In the beginning was Traveller.
Traveller was not the first science fiction roleplaying game, and it wasn't the last. It's just that Traveller eclipsed practically every other science fiction tabletop roleplaying game on the market; and in terms of its market share, it still does.
I mean, Chaosium wanted to give us a d100 science fiction roleplaying game. It started so well. And we got RIngworld, and the mission failed at takeoff.
Look at some of those names. Ralph McQuarrie was responsible for the look of Star Wars. Lawrence "Larry" DiTillio worked in the first two seasons of Babylon 5. We're not talking small potatoes here.
This game could have taken off, but for the licensing issues at the time. A pity; it was enjoyable, if a little clunky in places.
Speed things up. Let's have one of those calendar montages to indicate the passage of time.
What we needed was a science fiction roleplaying game which comes without a setting. A game which allows you to pretty much create any science fiction style setting you like.
Welcome to Frostbyte Books' M-Space.
First of all, look at the cover illustration.
A lone figure, on foot, walking along a snowy footpath, beyond which is an iced-over river, a couple of bridges, and some futuristic-looking buildings capped with landing pad shelves like fungus brackets, and smallish vehicles taking off and landing.
M-Space is the brainchild of writer Clarence Redd, whose alternate history game Odd Soot will be reviewed in due course. M-Space is a game for those space opera aficionados who like their landscapes Cyclopean and looming, their cyberpunk streets rainy, shady, neon-lit and narrow, and their adventures operatic and thought-provoking.
The following quote from the late Ursula K LeGuin more or less captures a feel which runs through M-Space.
“I write science fiction, and science fiction isn’t about the future. I don’t know any more about the future than you do, and very likely less.” Ursula K Le Guin
This roleplaying setting allows you to explore worlds of science fiction. You can capture the worlds of John Wyndham (The Day of The Triffids), Ursula K LeGuin (The Dispossessed), or modern writers such as Ted Chiang ("Story of Your Life" / Arrival) or N K Jemisin (the Broken Earth trilogy).
M-Space allows for deep and soulful stories of alien first contact, exploration, and light-hearted adventure. The Introduction explains the ethos behind M-Space.
This book is a modular toolkit for sci-fi. Use whichever parts you need and leave the rest – the game system will not break down because of this. I have also taken great care to write the rules to help you create your own universe; no ready-made setting is holding back your creativity. Just like roleplaying games were meant to be when invented in the 1970s.
The stories are all yours here, and you can explore them in any way you want. You can create unique alien species, complex cultures and worlds. Let a planet orbit a binary star and put the star on a map. Chart ancient courses for traders and explorers; find out who’s a friend and who’s an enemy. And you have already started to play.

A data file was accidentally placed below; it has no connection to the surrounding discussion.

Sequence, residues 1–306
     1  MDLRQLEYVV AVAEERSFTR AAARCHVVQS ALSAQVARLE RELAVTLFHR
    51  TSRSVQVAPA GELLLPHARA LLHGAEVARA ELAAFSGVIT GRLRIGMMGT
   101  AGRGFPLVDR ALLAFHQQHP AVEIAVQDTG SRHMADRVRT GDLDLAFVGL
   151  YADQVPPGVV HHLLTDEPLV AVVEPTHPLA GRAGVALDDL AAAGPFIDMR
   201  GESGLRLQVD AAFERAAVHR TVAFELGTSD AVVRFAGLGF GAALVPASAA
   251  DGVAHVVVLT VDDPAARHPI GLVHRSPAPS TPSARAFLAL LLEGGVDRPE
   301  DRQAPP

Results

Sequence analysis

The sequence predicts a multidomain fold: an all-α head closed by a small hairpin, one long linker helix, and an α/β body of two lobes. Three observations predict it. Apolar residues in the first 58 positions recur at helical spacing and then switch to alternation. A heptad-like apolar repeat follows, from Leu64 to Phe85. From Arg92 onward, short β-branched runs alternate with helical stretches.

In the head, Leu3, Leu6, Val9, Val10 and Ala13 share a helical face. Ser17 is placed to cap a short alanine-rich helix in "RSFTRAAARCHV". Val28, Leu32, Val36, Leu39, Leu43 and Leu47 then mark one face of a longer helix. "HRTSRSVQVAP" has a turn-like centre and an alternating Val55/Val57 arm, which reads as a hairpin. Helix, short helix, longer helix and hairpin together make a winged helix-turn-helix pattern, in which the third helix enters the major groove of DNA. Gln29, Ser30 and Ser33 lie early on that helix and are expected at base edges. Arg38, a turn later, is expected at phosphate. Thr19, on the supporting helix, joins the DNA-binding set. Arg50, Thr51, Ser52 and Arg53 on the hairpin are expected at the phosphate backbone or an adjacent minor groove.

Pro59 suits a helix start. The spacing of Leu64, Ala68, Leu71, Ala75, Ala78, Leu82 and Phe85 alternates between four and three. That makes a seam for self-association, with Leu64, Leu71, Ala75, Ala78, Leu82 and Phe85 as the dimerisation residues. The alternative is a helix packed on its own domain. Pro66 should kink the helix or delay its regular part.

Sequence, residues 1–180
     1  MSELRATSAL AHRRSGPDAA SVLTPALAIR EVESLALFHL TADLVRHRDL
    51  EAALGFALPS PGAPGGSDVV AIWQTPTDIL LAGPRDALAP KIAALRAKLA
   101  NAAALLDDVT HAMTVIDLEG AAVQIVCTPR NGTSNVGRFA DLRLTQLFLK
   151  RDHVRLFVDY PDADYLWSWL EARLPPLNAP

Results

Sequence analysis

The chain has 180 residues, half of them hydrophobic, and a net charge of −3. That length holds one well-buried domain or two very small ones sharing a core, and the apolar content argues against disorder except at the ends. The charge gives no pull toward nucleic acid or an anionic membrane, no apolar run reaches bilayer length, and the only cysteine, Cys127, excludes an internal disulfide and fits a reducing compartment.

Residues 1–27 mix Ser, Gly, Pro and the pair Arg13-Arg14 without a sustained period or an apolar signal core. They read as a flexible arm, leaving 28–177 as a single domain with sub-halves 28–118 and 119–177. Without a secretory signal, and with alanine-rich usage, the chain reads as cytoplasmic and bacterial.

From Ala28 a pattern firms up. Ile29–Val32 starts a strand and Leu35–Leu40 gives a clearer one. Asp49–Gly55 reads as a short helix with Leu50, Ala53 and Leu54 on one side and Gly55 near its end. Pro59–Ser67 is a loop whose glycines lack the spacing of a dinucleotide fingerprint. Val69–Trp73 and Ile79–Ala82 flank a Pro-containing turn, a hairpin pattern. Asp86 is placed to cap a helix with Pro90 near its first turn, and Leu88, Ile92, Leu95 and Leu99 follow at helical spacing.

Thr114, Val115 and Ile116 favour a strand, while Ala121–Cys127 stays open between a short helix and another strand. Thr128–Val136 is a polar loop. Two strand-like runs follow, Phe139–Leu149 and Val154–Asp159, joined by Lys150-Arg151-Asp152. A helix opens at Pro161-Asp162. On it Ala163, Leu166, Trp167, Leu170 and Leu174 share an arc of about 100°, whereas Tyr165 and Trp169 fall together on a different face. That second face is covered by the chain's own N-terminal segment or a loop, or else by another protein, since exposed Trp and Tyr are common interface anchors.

I have not seen a more literally hypnotic intro in a roleplaying game.
The 240-page core rulebook is a square coffee table book. The cover is lavish, but the interior illustrations are both surreal and soulful, evoking lonely cityscapes
or interplanetary romance.
Images are almost dreamlike, drawing you into one surreal landscape after another.
Images of the denizens of these worlds can range from the serene
to the nightmarish.
I've mentioned how hypnotic the contents of this book are. The whole book, from its magnificent art, which ranges from the near-abstract to the almost-photorealistic, to its plain, minimalist font which is used throughout, mesmerises the reader.
An average reader can open a page and just let the illustrations draw you in, and you can experience the adventure yourself as if you're in the story, just from reading the pages and absorbing the words. You really should turn to page 85 and look at the pic, and you notice how you feel as you look at the lone figure in silhouette looking up at the floating behemoth overhead - and you can practically experience that as if you are inside the frame.
The book contains the following modular sections: Introduction, Characters, Game System, Extended Conflicts, Combat, Simplified Combat, Spot Rules, Starship Design, Starship Combat, Advanced Starship Combat, Alien Creation, World Building, Circles, Psionics, Vehicle Design, Technology, Life forms, and Appendices A – E. There is a lot to process in this book, and not all of it need be used in your games. After all, Clarence did design this book to reflect a modular approach.
Beginning next week, this blog will take in a few of these chapters at a time, starting with Characters and the Game System.
Edited by Alex Greene